Because in my view those are the only two options to not be at least partially concerned by things like these...

honderd woorden's picture

You can use as much capitals as you want but that doesn’t change what Kant has written about this subject.
I’m not going to write an essay about this here. If you want to know how sexual objectification in feminist theory reaches back to the philosophy of Kant, read something like “Sexual Objectification: From Kant to Contemporary Feminism” from Papadaki.

“Are you seriously ok with the consequences of how our view of women have affected them as a group?”

My English must be really bad if you think that is what I meant.
I wrote: “People have sexual desires; therefore, they will objectify others. I don’t have a problem with that as long as people respect the rights of the people they objectify”.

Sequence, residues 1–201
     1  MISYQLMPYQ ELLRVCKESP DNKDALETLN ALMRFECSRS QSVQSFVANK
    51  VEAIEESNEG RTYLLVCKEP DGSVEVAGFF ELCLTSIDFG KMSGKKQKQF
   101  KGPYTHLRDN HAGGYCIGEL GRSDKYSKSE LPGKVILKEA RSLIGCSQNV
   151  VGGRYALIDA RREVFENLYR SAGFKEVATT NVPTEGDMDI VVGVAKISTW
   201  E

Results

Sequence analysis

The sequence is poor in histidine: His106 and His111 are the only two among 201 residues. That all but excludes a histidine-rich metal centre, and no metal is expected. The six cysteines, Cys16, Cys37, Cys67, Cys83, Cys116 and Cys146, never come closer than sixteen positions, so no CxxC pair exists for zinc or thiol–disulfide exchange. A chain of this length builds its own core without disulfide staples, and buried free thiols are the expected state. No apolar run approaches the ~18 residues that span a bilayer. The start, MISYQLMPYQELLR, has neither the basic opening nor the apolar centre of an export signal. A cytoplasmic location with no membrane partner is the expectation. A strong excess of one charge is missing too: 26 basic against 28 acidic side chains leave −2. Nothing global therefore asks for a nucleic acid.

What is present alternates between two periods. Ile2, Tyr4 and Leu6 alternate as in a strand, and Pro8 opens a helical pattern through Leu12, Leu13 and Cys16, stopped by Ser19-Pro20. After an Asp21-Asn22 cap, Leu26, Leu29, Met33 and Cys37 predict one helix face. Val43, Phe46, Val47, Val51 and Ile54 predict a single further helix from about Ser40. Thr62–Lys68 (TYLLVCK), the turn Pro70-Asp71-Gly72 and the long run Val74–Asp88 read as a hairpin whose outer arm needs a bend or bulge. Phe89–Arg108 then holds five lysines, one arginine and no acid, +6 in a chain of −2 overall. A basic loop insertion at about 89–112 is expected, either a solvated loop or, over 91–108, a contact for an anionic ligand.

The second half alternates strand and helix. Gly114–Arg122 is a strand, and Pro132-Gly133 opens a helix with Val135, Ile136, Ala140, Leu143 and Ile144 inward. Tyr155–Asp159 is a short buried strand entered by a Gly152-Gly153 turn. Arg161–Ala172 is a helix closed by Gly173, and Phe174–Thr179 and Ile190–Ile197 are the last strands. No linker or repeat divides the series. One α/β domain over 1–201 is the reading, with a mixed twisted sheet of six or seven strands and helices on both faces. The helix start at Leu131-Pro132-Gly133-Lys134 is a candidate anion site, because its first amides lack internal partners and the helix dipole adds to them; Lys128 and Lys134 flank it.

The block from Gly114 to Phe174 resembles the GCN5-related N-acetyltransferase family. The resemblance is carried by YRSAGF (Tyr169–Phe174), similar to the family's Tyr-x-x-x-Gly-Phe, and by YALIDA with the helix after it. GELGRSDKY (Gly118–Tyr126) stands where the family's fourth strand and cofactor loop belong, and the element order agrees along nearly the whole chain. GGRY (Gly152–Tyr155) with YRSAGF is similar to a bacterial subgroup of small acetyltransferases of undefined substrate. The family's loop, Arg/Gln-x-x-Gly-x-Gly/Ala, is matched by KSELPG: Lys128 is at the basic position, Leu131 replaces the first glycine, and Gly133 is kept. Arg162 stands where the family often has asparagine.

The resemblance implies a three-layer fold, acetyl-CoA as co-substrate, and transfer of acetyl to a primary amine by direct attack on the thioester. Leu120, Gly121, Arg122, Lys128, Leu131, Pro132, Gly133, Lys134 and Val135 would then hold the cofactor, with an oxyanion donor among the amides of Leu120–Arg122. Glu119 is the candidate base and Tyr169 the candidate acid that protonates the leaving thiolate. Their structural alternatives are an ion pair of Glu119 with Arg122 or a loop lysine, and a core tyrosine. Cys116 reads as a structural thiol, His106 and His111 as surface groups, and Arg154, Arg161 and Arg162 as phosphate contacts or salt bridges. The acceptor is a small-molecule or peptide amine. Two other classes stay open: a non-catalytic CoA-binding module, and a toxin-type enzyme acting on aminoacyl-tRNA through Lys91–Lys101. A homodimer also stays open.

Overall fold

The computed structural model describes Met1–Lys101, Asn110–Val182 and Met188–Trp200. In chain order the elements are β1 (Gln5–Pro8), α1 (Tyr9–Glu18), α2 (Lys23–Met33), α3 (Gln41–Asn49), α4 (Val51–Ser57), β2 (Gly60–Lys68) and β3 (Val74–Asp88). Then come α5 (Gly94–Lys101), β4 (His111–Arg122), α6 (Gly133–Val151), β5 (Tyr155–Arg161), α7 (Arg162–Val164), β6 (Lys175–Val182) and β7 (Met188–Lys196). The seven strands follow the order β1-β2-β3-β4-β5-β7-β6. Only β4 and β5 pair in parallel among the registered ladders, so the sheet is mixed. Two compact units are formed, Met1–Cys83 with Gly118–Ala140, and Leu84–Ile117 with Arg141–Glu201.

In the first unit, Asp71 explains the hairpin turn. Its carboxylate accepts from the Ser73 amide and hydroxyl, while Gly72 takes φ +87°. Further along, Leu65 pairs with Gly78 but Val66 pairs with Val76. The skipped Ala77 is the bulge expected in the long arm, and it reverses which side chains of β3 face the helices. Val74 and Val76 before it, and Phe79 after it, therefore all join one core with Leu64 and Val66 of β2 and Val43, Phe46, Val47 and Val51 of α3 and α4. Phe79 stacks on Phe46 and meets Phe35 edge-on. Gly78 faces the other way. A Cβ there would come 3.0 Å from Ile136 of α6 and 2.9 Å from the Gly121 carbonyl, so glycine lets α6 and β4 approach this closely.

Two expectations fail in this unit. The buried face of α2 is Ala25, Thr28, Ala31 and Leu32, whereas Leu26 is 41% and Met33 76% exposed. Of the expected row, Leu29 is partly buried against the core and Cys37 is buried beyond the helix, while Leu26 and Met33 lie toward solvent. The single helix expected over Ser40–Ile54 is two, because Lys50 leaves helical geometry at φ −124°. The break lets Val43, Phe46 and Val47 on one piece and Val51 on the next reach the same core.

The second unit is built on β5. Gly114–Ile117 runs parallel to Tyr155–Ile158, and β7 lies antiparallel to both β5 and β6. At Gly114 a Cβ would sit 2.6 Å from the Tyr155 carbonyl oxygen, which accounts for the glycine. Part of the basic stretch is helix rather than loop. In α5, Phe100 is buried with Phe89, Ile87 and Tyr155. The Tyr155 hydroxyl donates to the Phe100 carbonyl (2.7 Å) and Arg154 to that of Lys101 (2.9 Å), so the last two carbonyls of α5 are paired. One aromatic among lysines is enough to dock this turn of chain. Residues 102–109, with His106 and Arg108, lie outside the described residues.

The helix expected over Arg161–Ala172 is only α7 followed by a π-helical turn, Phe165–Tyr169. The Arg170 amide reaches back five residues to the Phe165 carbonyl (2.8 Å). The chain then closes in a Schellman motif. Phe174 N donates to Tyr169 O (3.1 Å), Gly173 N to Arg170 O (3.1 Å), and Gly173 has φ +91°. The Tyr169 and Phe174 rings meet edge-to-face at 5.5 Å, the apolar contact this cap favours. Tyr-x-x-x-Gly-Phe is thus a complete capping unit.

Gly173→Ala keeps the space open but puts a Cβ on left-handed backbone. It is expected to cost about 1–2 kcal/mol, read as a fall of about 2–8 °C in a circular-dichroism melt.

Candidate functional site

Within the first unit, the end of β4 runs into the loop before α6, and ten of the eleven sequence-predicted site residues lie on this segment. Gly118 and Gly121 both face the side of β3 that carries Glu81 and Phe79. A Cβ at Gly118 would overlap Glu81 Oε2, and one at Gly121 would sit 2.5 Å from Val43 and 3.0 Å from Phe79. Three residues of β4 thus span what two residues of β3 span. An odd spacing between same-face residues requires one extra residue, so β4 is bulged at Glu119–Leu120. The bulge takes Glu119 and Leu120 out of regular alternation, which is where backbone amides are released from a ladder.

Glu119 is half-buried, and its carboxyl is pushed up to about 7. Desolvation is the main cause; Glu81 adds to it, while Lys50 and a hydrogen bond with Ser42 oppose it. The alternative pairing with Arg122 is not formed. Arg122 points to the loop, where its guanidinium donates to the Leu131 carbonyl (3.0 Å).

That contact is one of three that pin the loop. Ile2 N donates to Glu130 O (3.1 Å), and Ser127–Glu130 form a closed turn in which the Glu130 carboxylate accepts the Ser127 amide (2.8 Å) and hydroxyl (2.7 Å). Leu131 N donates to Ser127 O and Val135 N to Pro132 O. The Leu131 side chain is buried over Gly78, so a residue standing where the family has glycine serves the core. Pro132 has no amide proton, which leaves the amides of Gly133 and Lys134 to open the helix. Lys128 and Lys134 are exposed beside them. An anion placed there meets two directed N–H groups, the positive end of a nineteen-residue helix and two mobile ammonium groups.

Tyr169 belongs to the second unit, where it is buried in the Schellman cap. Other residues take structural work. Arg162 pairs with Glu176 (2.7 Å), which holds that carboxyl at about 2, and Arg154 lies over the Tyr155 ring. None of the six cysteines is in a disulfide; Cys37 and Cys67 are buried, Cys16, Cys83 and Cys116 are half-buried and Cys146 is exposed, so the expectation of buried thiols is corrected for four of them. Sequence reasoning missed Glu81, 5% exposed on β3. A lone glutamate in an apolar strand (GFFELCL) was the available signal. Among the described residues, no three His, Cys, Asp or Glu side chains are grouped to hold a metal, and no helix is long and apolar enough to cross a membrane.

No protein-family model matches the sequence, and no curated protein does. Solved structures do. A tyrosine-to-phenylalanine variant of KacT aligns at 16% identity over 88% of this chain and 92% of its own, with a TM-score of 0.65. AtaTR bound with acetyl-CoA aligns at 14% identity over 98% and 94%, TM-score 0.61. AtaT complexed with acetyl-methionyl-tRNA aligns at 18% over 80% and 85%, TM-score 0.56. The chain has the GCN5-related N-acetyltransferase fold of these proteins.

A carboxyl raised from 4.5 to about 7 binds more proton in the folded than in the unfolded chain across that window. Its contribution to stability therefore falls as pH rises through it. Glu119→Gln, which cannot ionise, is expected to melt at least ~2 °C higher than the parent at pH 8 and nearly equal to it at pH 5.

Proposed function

What I mean by that is that I think people (or at least average males) have sexual desires and objectify others (females in most cases, but there is also homosexuality). That’s what people do when they watch porn for instance. People have fantasies, I don’t think you can stop that. It’s not what we think, it not our view, it’s how we act, what we do and in the things we do we have to respect the rights of other people. Respecting the Universal Declaration of Human Rights is a good starting point, but we are nowhere near doing that, not even in our so called western civilization.

Sietske Barnes's picture

"If society considers anything negative against women to be more significant, is that in itself a form of sexism?"